The Challenge of Treatment: Optimising Function And Changing Disease Course

Unfortunately, no disease-modifying treatments for any PPA variant currently exist, though clinical trials are now underway for tauopathies (for a review, see[86]). Disease modification approaches will necessarily be protein-directed, rather than PPA specific, re-emphasising the need for some kind of molecular biomarker. Physiological understanding may improve prediction of molecular pathology, but it is also important for monitoring response to treatment and demonstrating efficacy in these syndromes specifically. Without disease-modifying therapies, non-pharmacological approaches to PPA management are of considerable importance, and non-invasive brain stimulation techniques to ameliorate specific symptoms across PPA variants have received much recent attention. Transcranial direct current stimulation as an adjunct to traditional speech and language therapy has shown some promise in PPA [87, 88], and there have been some reports of success with transcranial magnetic stimulation in case studies and small cohorts [89,90,91]; clinical trials are currently underway.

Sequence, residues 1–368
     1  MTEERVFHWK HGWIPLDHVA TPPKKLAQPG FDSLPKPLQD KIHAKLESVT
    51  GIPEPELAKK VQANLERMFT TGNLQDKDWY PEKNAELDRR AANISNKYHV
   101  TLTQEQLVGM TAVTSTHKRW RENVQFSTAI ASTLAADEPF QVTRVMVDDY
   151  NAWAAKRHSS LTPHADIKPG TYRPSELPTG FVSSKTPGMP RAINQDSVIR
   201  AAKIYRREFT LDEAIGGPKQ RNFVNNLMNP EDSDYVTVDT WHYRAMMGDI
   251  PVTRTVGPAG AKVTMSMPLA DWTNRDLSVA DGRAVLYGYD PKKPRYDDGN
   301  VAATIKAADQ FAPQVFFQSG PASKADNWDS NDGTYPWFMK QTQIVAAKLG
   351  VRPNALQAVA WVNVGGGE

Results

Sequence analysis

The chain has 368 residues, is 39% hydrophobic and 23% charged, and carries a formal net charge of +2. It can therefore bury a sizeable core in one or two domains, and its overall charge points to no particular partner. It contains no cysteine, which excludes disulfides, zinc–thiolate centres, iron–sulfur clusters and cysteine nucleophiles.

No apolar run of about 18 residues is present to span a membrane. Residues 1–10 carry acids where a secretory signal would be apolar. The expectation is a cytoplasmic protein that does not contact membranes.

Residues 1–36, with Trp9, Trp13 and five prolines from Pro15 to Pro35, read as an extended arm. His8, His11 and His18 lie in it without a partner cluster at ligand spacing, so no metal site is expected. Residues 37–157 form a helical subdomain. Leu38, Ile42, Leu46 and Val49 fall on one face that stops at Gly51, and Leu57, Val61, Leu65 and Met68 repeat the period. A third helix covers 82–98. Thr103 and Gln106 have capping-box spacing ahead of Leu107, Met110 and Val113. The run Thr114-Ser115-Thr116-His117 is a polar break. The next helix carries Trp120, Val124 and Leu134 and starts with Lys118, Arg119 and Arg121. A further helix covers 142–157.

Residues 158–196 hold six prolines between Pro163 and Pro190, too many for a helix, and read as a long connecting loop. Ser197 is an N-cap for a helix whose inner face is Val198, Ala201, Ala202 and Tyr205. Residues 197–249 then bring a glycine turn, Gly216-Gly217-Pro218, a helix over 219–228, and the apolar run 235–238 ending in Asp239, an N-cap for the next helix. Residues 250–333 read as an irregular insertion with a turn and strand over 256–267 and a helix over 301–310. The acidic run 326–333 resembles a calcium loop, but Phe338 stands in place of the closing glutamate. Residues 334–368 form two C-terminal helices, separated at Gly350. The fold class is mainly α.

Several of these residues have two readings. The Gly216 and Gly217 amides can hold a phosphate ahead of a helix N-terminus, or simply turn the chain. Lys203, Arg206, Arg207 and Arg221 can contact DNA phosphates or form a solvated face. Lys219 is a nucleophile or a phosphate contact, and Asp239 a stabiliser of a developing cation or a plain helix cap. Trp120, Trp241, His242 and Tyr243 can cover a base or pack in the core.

People with PPA may benefit from physiologically informed cognitive rehabilitation strategies, akin to strategies designed to enhance neuroplasticity after stroke aphasia [92, 93]: recent work suggests that people with all major forms of PPA have retained capacity for perceptual learning of degraded speech [52••], and that patients with nfvPPA show preserved faculty for artificial grammar learning [94], suggesting the need for future trials focused on exposure-based approaches to rehabilitation of agrammatism and degraded speech perception. In svPPA, right-lateralised brain regions show elevated activity in magnetoencephalography when listening to spoken words, whilst dorsal regions appear to compensate for damaged ventral regions when patients read irregular words, together suggesting a degree of functional plasticity in brain networks with relatively preserved integrity [63, 64].